As therapists, we increasingly see clients who struggle with pornography and sexual compulsive behavior in our practice. This section of salifeline.org is meant to be a resource and information hub for those who consider themselves sexual addiction clinicians and those who are general practitioners. Although each of us has different specialties, it is important to know what pornography and sexual addiction is and looks like, who is influenced within the client’s system, and what recovery will take.
What does pornography and sexual addiction look like?
Although Hypersexual Disorder is not a recognized disorder in the DSM 5, many clinicians find that compulsive sexual behavior is a common struggle of their clients. Those who suffer from pornography or sexual addiction (as it is called in layman’s terms) have the following symptoms, very similar to the symptoms of those who struggle with substance abuse:
- Compulsivity – The loss of control over a behavior. An addict continues in the behavior or relationship despite repeated attempts to stop.
- Continuation despite negative consequences.
- Preoccupation or obsession.
- Tolerance – More of the same behavior or an escalation of progressive behaviors is required to get the same “high” (Patrick Carnes).
Some common dual-emotional and behavioral struggles:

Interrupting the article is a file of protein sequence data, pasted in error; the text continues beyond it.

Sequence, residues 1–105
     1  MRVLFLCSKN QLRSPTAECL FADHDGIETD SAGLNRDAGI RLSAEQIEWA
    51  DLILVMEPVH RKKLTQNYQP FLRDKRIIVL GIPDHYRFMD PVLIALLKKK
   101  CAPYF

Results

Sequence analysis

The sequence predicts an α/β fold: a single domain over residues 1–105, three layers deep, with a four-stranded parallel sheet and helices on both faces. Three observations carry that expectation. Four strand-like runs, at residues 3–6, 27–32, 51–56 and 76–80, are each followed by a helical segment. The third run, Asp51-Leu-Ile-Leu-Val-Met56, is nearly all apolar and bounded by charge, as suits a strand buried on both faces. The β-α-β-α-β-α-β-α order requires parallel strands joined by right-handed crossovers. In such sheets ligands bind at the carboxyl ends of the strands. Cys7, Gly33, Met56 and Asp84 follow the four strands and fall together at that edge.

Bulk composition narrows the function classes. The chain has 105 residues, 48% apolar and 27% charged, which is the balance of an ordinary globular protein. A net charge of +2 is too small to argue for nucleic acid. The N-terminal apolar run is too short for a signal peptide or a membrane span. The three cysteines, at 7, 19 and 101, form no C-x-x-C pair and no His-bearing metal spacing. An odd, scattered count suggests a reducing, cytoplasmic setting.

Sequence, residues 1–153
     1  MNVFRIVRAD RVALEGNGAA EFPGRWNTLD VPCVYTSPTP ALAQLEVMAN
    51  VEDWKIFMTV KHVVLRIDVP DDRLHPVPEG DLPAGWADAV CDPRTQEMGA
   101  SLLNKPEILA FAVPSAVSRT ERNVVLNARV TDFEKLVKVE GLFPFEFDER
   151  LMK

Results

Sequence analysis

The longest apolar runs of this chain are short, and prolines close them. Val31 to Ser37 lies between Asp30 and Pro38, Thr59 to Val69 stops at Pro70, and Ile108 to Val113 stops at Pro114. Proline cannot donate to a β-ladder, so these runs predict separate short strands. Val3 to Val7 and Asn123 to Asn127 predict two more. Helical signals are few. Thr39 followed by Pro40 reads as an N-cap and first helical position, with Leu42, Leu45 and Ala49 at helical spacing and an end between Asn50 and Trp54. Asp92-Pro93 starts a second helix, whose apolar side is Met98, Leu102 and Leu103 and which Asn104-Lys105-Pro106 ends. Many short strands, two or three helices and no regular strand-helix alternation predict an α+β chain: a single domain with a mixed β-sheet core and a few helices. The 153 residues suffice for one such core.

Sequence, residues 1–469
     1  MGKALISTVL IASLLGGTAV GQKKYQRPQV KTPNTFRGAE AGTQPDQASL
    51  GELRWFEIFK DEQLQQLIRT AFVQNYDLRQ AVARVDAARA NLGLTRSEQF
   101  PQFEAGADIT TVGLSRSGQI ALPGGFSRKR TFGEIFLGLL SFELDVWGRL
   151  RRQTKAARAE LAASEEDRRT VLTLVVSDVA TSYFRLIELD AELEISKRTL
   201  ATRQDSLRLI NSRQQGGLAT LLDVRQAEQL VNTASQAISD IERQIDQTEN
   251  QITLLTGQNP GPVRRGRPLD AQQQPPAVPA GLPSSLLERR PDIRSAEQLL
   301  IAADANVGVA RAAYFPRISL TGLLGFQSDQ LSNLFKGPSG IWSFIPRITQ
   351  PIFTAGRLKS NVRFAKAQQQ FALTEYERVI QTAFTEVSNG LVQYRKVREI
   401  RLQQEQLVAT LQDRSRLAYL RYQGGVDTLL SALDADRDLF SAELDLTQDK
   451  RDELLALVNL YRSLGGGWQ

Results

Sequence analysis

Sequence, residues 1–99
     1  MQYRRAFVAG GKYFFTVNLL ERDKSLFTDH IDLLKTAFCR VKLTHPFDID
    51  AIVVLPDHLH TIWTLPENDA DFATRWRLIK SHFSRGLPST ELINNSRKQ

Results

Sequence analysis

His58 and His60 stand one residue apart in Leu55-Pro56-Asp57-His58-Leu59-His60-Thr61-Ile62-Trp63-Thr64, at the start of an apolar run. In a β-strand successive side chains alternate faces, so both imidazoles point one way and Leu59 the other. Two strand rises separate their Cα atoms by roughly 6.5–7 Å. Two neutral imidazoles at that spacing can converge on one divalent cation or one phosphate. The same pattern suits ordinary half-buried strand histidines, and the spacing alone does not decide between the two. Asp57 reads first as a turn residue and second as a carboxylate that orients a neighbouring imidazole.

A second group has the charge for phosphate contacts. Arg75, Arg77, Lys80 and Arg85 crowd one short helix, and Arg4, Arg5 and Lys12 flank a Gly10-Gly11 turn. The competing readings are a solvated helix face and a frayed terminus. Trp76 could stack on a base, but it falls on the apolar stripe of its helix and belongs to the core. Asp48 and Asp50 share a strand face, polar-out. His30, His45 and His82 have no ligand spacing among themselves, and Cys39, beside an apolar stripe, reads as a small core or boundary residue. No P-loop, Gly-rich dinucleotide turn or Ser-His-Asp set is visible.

- Emotional distancing or disconnect
- Victim attitude (the whole world is against me)
- Anger management problems and impatience
- Compulsive lying, hiding, minimizing, justification
- Domestic violence
- Substance abuse, compulsive shopping, gambling, eating etc.
Addiction is formed in three stages:
- Pleasure – use for enjoyment, periodic, non-compulsive
- Coping – use to heal emotional wounds, periodic, non-compulsive
- Entrapment – use despite the individual’s desires, regular and patterned, compulsive (Butler, 2009).
If the individual you are assessing is in the entrapment phase and you are not a qualified sexual addictions therapist, it would be best that you refer this client. Clients can take this free assessment to determine if addiction exists.
Who else is influenced and how do I help them?
The spouse or companion of the individual struggling with addiction will almost always experience betrayal trauma that presents similarly to PTSD. Spouses need their own recovery and healing. There are specialists who work with spouses in trauma. Depending on the circumstance, it may be best for you to refer to such specialists.
Parents, close family members, and friends will be influenced by the addict’s outward behaviors and attitudes. Parents experience hurt and loss. These individuals may need clinical support as well.
What does recovery take?
Recovery from true sexual addiction takes engaging with a qualified sexual addiction’s therapist, 12-step recovery work, spiritual guidance and spiritual work, and education. Click on the petals in the top bar for more information.